In this groundbreaking development, a scientist has turned the idea of extracting audio from static images into a reality using artificial intelligence (AI). Led by Kevin Fu, a professor with expertise in electrical and computer engineering and computer science at Northeastern University, a team has created a machine learning tool called Side Eye that offers remarkable insights into image analysis.
Side Eye can be applied to still images, enabling it to identify the speaker’s gender in the room where the photo was taken, transcribe spoken words, and even pinpoint the location. Remarkably, this tool can also be used with muted videos.
The technology behind Side Eye leverages image stabilization techniques commonly found in smartphone cameras. These cameras use springs submerged in liquid to stabilize photos when the photographer’s hand is unsteady. When someone speaks near the camera lens while a photo is taken, it causes slight vibrations in the springs, which alter the path of light. By extracting audio frequencies from these vibrations, Side Eye can capture what is being said off-camera.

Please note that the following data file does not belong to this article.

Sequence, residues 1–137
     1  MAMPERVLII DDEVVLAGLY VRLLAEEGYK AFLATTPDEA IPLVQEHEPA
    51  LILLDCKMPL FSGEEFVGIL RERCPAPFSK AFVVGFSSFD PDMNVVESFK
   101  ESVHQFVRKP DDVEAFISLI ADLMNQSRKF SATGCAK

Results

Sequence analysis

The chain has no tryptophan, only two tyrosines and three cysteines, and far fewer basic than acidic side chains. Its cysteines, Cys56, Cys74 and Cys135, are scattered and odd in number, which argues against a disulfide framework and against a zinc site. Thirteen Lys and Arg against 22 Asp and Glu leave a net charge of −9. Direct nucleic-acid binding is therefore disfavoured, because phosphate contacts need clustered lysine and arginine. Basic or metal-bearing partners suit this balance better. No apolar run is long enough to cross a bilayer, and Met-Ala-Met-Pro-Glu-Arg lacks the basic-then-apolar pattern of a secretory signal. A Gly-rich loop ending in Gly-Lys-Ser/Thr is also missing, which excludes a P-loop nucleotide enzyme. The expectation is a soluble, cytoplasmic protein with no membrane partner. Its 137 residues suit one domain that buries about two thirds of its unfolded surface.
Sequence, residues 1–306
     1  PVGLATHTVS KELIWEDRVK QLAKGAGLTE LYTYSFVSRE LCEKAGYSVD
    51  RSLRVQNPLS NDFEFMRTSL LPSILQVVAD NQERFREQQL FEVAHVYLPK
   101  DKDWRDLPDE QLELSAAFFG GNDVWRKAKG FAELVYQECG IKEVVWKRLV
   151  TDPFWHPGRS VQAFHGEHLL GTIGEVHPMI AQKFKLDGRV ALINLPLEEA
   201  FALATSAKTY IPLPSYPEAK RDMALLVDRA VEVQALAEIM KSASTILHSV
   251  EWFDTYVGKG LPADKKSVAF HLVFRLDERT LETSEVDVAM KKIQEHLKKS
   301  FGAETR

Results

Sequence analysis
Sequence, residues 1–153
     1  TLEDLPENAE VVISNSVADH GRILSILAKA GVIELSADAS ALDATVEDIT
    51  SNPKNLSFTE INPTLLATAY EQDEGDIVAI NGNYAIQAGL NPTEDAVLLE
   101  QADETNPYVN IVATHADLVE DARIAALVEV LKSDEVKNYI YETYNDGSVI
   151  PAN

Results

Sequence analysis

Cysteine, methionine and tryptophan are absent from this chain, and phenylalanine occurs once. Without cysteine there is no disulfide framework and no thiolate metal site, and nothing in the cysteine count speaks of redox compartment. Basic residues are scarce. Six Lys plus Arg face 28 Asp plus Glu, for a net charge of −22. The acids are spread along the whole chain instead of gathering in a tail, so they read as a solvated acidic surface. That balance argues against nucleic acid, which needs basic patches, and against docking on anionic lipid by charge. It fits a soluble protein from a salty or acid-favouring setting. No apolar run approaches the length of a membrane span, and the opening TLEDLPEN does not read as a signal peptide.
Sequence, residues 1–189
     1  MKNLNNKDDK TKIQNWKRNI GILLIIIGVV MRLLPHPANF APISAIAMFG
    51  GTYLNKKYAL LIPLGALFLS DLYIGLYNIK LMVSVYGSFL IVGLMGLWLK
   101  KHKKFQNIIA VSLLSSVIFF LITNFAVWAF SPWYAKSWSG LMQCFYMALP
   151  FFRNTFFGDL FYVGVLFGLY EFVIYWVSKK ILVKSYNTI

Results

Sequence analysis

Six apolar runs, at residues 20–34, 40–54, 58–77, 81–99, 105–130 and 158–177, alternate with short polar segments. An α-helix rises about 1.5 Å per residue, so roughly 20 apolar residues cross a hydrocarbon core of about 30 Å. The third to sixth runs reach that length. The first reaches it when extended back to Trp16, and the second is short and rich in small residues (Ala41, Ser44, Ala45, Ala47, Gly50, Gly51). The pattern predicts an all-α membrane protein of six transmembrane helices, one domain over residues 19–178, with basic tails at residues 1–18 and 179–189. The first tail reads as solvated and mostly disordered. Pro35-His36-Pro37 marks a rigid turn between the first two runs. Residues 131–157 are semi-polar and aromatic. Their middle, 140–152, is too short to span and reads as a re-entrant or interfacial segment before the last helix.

Although Side Eye is currently in its early stages and requires extensive training data for improvement, it poses potential cybersecurity risks if it falls into the wrong hands. On the flip side, an advanced version of Side Eye could become a valuable digital tool for law enforcement agencies in crime investigations, offering crucial digital evidence.